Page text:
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Hey, guys, in this video, we're gonna talk about types of waves. Alright. It turns out that you can divide waves into two broad categories called trans verse waves and longitudinal waves. So we want to know what makes a wave trans verse and what makes a wave longitudinal. So let's get to it. Remember that a wave is a moving oscillation. Okay, It's a moving disturbance in that disturbance is oscillate. Torrey. Okay, that means that a wave has toe have two directions that are important. An oscillation direction. Okay, what way do those oscillations go? Do they go up and down? Do they go forward and backwards? Do they go side to side? And it has to have a motion direction motion we will often refer to as propagation. Okay, so I will use those words interchangeably. Now, as I said, the two broad categories of waves that we can dump everything into our trans verse waves and longitudinal waves. And the difference between the two is the relationship between the oscillation direction and the propagation direction. Okay. And transverse waves. Oscillation is perpendicular to motion or toe oscillation. Okay. For longitudinal waves, the oscillation is parallel to the motion or to the propagation. Trans verse waves are very, very easy to draw. Imagine having a string anchored at a wall and you can hold on to the freedom of the string and you just whip it up and down. You're producing these pulses that are all traveling along the length of the string, so they're traveling horizontally and the vertical position of the string is going up and down, up and down. So there's an oscillation in the vertical position off the string that's along the Y axis. It's vertical, so it's propagating on the X axis horizontally and oscillating along the Y axis vertically. So this is clearly a trans verse wave, the oscillation directions perpendicular to the propagation direction. Now, let's take a very common example of a longitudinal wave. We have a spring anchor to a wall where you could grab the free end of the spring. But instead of whipping it up and down, you push it back and forth. What that's gonna cause is this gonna cause traveling clumps of compression along the spring. So you're gonna get areas where the spring is stacked up really, really, really close to one another. this area of compression, and then you have areas of the spring where it's spaced very, very far apart. It's stretched, okay? And this is technically called rare faction, and you get oscillating compression and rare faction compression and rare faction along the propagation direction. Okay, so this oscillates back and forth along the same direction that the waves are moving. This is why this is a longitudinal wave. Okay, Now both types of waves have to carry energy because all waves carry energy long. I'm sorry. Trans verse waves can carry energy of multiple types. They can carry a whole bunch of different types of energy. And it really depends on the type of wave that it is a wave on a string, which, as I showed above, is it. Trans verse wave carries mainly kinetic energy due to the motion of the string, but it also carries some potential energy because the string actually stretches when you whip it, you have to increase the length to allow for these hills and valleys, so there's some compressed. There's some potential energy due to the stretching of that string. Water waves carry a ton of kinetic energy. Ah, tsunami Can be 100 ft tall. All that water has a lot of mass, and it's moving very, very quickly. Maybe 100 kilometers an hour. Okay, so that carries a ton of kinetic energy Light on its own carries something called electromagnetic energy. But light is not something we're gonna cover here. It's something you're gonna cover much later on in physics. Okay. Now, longitudinal waves mainly carry energy in the form off potential energy due to compression. Okay, The most common type of longitudinal wave is a compression wave in some sort of elastic medium. So if you look at the spring springs air clearly elastic, right, they can stretch their return to the original configuration. They can compress their return to the original configuration. So the energy is carried by the potential energy due to these compressions which are collapsing it into a smaller sorry distance that it should be and rare factions which are stretching it to a larger length than it should be. Both of those give it potential energy. So there's a lot of potential energy in this wave. Sound carries energy on its own two. But sound is actually just a type of compression wave in an elastic medium. Gasses, liquids and solids, which are all media that sound can propagated. All have elastic properties. And, as we'll see later on, sound is just a compression in this a lot. And these elastic media All right, guys. So we have Remember, guys, we're focusing on periodic waves, waves that have repeating cycles and periodic waves. Regardless of whether they're trans verse or longitudinal, obey the same equations. Okay, they have the same characteristics that you could describe. You can talk about amplitude, wave length periods, speed frequency all the same characteristics, and they obey the same speed relationship. Lambda F. Okay, very important to remember that regardless of whether it's a longitudinal wave or a trans verse wave, they obey the same relationship. All right, let's do a quick example. Can longitudinal waves propagate in a fluid? What about trans verse waves? Absolutely. Longitudinal waves can propagate in a fluid because, as you're compressing the fluid, the fluid wants to not be compressed. It wants to return to its original size. Okay, fluids are very, very resistant to compression, so they can propagate compression waves very easily like sound Alright, Now the problem is can they be? Trans verse waves? No trans verse waves do not propagate very, very well in liquids at all. The reason is, is that if you think about the actual molecules inside of the wave, sorry inside of the fluid. When you give it some sort of lift, right, you want those molecules to start going up and start going down right like a wave while it propagates in this direction. But the problem is that centrally to the wave is oscillation. So as this water molecule goes up, it has to come back down. But there's no elasticity. There's nothing to bring it back. Okay, this is different than a wave on a string. When you whip a wave on a string, the wave stretches to allow part of it to go up, and that's stretching stores potential energy that snaps it back down. But there's nothing holding those waterway those water molecules in place, so longitudinal waves propagate very, very well in fluids, right? I chose to talk about the liquid here, but it's saying for a gas, and they propagate very poorly in trans verse waves. Alright, guys, that wraps up our discussion on the types of waves. Thanks for watching. Okay,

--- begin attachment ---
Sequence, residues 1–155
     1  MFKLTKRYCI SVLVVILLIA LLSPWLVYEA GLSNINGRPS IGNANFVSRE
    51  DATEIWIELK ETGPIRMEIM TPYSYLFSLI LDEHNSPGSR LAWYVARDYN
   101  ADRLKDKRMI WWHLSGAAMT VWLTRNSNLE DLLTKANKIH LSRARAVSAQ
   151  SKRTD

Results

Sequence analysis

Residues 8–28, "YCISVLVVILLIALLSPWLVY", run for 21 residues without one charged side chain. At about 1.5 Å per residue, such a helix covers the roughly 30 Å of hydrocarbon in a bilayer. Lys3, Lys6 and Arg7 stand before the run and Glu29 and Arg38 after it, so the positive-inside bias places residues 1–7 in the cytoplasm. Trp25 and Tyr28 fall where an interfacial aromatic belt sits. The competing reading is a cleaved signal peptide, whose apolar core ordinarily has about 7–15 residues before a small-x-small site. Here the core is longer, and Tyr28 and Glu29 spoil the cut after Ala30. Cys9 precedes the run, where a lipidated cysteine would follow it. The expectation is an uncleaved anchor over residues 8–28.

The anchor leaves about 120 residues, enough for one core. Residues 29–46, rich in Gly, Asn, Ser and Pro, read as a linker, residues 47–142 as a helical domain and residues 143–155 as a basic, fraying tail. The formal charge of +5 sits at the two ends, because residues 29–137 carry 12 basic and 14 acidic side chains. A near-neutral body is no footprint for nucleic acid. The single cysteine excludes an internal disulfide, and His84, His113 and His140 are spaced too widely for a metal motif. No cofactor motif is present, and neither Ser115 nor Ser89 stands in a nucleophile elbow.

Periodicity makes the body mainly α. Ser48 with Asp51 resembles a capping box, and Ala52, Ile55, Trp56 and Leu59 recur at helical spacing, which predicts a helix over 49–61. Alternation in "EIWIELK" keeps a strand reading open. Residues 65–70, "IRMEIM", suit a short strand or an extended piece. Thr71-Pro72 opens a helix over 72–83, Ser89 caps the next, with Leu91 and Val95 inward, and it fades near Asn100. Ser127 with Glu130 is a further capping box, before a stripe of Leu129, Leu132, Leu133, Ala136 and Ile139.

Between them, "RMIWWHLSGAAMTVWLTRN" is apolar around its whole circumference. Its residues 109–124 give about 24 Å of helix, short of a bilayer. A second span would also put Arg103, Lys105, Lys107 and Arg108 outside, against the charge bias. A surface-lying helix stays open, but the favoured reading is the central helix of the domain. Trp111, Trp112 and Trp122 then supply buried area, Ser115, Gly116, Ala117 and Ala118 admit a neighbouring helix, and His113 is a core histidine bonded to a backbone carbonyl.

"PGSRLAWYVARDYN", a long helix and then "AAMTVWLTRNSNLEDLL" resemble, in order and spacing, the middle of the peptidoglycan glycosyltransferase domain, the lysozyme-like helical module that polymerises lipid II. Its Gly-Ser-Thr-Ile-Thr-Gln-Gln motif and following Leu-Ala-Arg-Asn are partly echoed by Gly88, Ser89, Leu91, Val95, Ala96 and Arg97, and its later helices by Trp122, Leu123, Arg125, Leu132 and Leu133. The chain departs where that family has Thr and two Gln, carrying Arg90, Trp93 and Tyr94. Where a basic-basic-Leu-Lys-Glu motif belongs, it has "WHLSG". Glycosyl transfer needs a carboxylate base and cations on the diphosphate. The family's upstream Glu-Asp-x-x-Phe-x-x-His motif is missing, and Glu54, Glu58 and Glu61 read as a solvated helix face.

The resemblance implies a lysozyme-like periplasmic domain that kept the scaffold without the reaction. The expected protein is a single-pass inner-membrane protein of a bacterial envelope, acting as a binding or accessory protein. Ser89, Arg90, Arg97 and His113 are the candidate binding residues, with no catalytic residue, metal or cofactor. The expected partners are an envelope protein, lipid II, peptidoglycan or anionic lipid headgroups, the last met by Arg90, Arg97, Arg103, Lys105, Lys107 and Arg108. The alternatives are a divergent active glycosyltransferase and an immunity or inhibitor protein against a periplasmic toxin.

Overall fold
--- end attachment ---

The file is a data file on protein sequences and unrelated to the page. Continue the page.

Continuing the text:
5

Problem

ProblemA satellite captures images of a tsunami, and properties of the tsunami can be found from these images, providing important information to people who need to evacuate coastal areas. If satellite images of a tsunami show the distance from one peak to another is 500 km, and the period is 1 hour, how much time do people have to evacuate if the tsunami is found to be 100 km off shore?

A

12 minutes

B

48 minutes

C

3 hours

D

5 hours

Additional resources for Intro to Waves

PRACTICE PROBLEMS AND ACTIVITIES (20)